An example of an appropriate use of blogs is The Tao of Gaming, where Brian often posts his first impressions of games. He has a sharp mind, and it is interesting to read his initial analysis; posting something like this on a broader forum is unwise, especially as it encourages more dull minds to post first impressions. When he is ready for a review, he does cross-post this on the Geek. I hope I do not sound overly curmudgeonly; while I do think that my Usenet experience has been the best so far, I have hopes that this is just part of a painful transition to an ideal end. I understand that the hobby has grown so much that a single, truly democratic forum is only a utopian’s dream, which is why I have focused primarily on the local scene.

That brings us to this blog. What motivated me to initiate it were several recent lists of folks’ favorite blogs; for some inexplicable reason, Eric Landes, Mike Deans, and Chris Brooks keep showing up on these lists. I thought to myself “What do these guys have in common? Oh yeah – I regularly hand them their asses.” That’s right – we’re all in the same gaming group, which most of us affectionately refer to as Rip City Gamers. My gaming thoughts on my own blog get buried in a mound of music posts, so I thought what better way to expose them to more people then to mooch off the established exposure of my comrades.

The title of the blog is a tongue-in-cheek title I gave to our semi-annual gaming retreat at Doug’s vacation home. Not everyone here appreciates the joke, so if you have a better idea for our blog (ideally with some reference to the Pacific Northwest), we’re all ears. Just propose something in the comments. It’s to be expected that the denizens here will be poking fun at each other. Also, to give our communal blog a unique spin, in the first full week of each month, our blog will feature a Question of the Month that each of us will respond to. Eric is working on the initial one, so I will see you next Monday with my answer to his query.

Until then, don’t get me started on podcasts…

16 Comments:

  • At 8:51 AM, Blogger Kimbo said…

    Sounds like a challenge to me! What's your beef with podcasts? I think the argument could be made that the recent popularity of boardgame podcasts has led to the resurgence of boardgame related blogs, including this one.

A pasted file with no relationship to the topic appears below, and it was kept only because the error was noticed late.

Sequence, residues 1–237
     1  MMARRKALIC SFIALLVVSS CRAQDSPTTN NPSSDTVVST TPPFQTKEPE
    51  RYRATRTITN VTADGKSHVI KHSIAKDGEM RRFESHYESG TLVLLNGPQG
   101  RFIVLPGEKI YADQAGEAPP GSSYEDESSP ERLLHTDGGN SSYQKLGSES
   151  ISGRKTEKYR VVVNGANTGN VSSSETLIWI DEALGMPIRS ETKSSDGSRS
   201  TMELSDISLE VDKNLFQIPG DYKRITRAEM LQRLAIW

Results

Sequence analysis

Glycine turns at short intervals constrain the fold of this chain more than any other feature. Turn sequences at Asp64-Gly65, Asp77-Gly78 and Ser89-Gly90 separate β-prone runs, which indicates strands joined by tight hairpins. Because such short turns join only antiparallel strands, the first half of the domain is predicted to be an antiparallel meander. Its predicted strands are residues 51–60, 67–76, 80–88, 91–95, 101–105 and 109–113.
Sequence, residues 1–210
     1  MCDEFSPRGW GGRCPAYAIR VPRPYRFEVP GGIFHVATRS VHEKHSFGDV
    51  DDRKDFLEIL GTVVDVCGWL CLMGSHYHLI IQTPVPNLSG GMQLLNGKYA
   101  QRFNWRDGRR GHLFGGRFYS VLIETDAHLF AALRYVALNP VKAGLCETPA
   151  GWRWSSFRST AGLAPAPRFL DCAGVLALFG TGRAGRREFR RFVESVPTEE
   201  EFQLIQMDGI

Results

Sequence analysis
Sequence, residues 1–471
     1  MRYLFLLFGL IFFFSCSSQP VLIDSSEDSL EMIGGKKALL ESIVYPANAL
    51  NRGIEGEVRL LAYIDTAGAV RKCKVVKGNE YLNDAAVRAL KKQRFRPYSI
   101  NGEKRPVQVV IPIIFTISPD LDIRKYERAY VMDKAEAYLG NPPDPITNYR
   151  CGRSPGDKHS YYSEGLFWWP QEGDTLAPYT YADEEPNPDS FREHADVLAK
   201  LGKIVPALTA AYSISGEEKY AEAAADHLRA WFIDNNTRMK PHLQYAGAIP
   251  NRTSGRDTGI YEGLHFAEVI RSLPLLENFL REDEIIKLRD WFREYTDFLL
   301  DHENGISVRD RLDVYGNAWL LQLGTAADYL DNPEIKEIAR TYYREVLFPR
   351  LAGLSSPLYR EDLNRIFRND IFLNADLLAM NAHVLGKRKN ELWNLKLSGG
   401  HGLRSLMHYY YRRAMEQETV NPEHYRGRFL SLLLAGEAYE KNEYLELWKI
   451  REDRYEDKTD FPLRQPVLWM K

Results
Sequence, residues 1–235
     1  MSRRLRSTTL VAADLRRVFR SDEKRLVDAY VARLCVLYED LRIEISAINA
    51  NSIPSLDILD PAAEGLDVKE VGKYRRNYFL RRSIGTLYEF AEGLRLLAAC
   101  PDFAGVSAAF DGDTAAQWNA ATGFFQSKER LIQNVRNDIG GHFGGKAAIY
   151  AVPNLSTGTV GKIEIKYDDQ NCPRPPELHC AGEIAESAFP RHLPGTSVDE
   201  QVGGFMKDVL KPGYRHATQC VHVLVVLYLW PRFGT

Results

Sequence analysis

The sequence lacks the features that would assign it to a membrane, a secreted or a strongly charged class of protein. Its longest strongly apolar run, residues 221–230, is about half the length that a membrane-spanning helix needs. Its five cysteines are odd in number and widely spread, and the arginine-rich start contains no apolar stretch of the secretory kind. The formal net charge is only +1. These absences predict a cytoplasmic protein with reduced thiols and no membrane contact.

• At 9:59 AM, Blogger dave said…

    I'm a "more power to ya" guy, so I'm glad folks are getting a kick out of it. I much prefer reading so I can ingest the info more quickly, skip over the boring parts, reread the parts that require sinking in, etc. Having a slight listening disability makes it further aggravating.

    Most importantly, I am a music lover, so I'd rather spend my valuable listening time with tunes rather than even more boardgaming content. I can appreciate that, if folks do not have the time that I do to read content, listening to podcasts on their commutes bridges the gap.

    On the other hand, you REALLY do not want me to get started on long commutes. :-)

     
  • At 10:08 AM, Blogger Joe Gola said…

    You say "a single, truly democratic forum is only a utopian's dream," but also grumble about how the number of posts on Boardgamegeek is making things unwieldy. You dislike the cliques at spielfrieks and BGG, but then say something like "He has a sharp mind, and it is interesting to read his initial analysis, [but] posting something like this on a broader forum is unwise, especially as it encourages more dull minds to post first impressions."

    You're a complex man! God forbid you should ever get what you want, because it might tear a hole in the fabric of time and space.